Not everyone who illustrates hyperbolic tales of supernatural crime fighters for a career dreamed of doing so during their awkward years. Somerville’s Ming Doyle segued a background in fine art and an education at Cornell University into an acclaimed run of freelance work for Marvel, Vertigo, Image, and numerous other publishers. Her origin story could explain why her spins on superhero art — unlike other renderings of Spider-Man, Gambit and their ilk — demand the adjective “classy.” Her first full miniseries, the Brian Wood-penned "Mara," will be available in trade paperback come the fall. We caught up with Doyle to talk her chosen craft pre-Comic Con this weekend.
The first thing you drew for Marvel was a Nightcrawler story for the Girl Comics anthology. Nightcrawler is beyond awesome.
I love Nightcrawler, too. I honestly have a huge soft spot for all the X-Men. The story was written by G. Willow Wilson, who did a very lyrical story with Nightcrawler fighting in a German cabaret- type setting.
You mentioned you’re a huge fan of the ‘90s X-Men cartoons. Nightcrawler’s only in three episodes. Does this not infuriate you?
Yeah, but those cartoons were in reruns for quite a long time. So I think I saw those two episodes multiple times growing up, and you can’t forget Alan Cumming as Nightcrawler in X2.
Sure, except he refused to be in the next X-Men movie, supposedly because he didn’t want to spend four hours in makeup everyday.
I can’t say that I blame him. It looked like [he was wearing] intense amount of prosthetics.
Is it OK if I describe your art style as “neo-old school?” What are your influences?
I get “neo old school” or “retro” quite often, which are titles I’m more than happy to accept. A lot of my artistic influences are outside of comics, just because I got into them later in life. My number one influence when I was a little kid was Leonardo da Vinci. Then in art school I got into Aubrey Beardsley and Edward Gorey. I’ve always really enjoyed incredibly illustrious and detailed art styles with decorative flourishes. That’s something I try to bring in to my art, but obviously my art is sequential, so I have to tone it down, otherwise it gets a little too ornate for readers to follow. But I draw inspiration from all over the place. One of my favorite things to do is go to museums and just take it all in. My favorite museum of all time is the Isabella Stewart Gardner Museum here in Boston, right next to the MFA.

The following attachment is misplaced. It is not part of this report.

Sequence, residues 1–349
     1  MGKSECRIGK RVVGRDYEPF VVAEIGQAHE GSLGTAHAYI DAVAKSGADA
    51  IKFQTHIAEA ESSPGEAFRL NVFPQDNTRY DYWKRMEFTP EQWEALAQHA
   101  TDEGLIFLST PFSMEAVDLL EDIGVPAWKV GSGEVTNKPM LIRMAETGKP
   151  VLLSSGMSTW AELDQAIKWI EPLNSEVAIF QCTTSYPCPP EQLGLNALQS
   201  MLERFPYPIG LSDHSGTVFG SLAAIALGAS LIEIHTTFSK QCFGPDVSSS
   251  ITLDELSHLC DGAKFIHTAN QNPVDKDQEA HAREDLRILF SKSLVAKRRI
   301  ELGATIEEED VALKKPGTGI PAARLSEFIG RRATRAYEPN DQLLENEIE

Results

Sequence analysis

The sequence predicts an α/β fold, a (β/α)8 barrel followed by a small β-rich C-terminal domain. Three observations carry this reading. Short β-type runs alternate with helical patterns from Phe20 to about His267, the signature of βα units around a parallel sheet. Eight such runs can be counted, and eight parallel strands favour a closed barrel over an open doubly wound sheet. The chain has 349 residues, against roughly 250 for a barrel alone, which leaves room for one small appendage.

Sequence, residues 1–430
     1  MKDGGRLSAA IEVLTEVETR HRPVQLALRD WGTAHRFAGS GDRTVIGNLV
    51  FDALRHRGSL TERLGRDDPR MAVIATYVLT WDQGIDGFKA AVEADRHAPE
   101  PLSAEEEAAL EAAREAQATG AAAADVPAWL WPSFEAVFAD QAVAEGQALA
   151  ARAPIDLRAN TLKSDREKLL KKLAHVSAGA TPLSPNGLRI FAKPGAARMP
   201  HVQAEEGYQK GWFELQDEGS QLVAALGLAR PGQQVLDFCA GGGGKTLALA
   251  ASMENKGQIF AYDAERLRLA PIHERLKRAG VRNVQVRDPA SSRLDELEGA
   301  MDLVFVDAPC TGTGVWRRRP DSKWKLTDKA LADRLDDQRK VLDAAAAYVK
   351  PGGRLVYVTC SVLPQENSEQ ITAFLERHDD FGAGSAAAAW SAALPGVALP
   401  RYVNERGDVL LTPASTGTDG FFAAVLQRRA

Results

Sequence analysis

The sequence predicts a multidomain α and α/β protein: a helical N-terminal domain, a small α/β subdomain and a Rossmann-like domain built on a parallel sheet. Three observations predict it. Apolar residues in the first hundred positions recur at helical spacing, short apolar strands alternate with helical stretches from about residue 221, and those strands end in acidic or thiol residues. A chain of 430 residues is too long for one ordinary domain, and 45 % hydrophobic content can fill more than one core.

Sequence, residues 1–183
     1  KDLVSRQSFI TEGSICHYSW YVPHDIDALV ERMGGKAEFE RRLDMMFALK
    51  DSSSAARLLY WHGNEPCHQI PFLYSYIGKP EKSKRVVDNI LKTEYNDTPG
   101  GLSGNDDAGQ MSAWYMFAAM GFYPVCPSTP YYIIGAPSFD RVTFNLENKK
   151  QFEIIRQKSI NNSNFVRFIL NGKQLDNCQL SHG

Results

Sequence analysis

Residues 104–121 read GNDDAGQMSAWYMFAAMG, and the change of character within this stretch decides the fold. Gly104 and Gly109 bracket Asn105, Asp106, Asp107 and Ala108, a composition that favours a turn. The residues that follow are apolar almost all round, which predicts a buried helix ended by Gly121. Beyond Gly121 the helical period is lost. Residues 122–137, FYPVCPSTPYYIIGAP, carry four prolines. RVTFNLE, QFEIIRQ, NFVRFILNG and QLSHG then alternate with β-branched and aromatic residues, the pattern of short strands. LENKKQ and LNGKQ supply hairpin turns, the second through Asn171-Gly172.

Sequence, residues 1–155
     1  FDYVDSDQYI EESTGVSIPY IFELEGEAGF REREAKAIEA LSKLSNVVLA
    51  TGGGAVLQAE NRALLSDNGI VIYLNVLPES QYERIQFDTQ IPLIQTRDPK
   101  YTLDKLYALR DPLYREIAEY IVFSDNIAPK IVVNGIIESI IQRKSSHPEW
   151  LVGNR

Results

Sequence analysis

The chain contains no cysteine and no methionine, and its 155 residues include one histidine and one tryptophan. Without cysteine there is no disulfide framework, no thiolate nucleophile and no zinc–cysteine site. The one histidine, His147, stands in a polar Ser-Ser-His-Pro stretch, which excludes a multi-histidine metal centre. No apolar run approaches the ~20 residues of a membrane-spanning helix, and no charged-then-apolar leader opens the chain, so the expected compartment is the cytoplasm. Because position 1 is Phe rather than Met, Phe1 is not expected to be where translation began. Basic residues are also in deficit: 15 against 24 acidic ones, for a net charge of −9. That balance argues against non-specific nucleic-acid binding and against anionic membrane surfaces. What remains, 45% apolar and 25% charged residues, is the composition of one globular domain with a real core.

Will more women working in mainstream comics eventually kill the “women in refrigerators” syndrome?
Obviously it will go away the more women are writing comics. That’s not to say there aren’t male writers and artists who are capable of creating and portraying female characters who are just as well-rounded as the male characters, but I think there’s a certain amount of unique empathy and understanding of female characters that women creators bring to the game. Luckily, there are more women getting into the comic industry all the time, and already there are already a sizable amount. I think we’re seeing a positive turn in that direction.
What the f—ck do you think is wrong with whoever created the “fake geek girl” meme?
You know, I wish I could answer. I don’t know what creates misogyny or any kind of bigotry, but I think it’s a general lack of empathy or an inability to look outside of yourself and see how your experiences might hold something in common with other people’s. I don’t know why people think they have to create boundaries and be so exclusionary, especially in regards to things they love. You’d think that they’d want to include more people. In general, I think most comic book fans and creators know that the fake geek girl phenomenon is all malarky, and there are just as many fake geek girls as there are fake geek guys. The term “fake” itself is pretty disingenuous. You love something to the degree that you love it. But I don’t believe nerd culture or pop culture is something that you need to quantify on a numeric scale. I think you should be happy to let people enjoy it as they will.